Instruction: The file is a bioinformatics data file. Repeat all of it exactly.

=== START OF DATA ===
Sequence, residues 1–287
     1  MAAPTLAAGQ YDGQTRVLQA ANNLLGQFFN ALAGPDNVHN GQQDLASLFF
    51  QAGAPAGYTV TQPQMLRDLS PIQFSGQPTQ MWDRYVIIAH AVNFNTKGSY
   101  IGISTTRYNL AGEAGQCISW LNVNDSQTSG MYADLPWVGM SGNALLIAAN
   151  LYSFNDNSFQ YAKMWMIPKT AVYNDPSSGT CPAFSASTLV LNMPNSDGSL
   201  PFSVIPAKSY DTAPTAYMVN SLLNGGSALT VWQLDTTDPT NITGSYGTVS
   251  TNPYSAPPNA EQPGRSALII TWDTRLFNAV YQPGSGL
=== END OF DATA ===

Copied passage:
Sequence, residues 1–287
     1  MAAPTLAAGQ YDGQTRVLQA ANNLLGQFFN ALAGPDNVHN GQQDLASLFF
    51  QAGAPAGYTV TQPQMLRDLS PIQFSGQPTQ MWDRYVIIAH AVNFNTKGSY
   101  IGISTTRYNL AGEAGQCISW LNVNDSQTSG MYADLPWVGM SGNALLIAAN
   151  LYSFNDNSFQ YAKMWMIPKT AVYNDPSSGT CPAFSASTLV LNMPNSDGSL
   201  PFSVIPAKSY DTAPTAYMVN SLLNGGSALT VWQLDTTDPT NITGSYGTVS
   251  TNPYSAPPNA EQPGRSALII TWDTRLFNAV YQPGSGL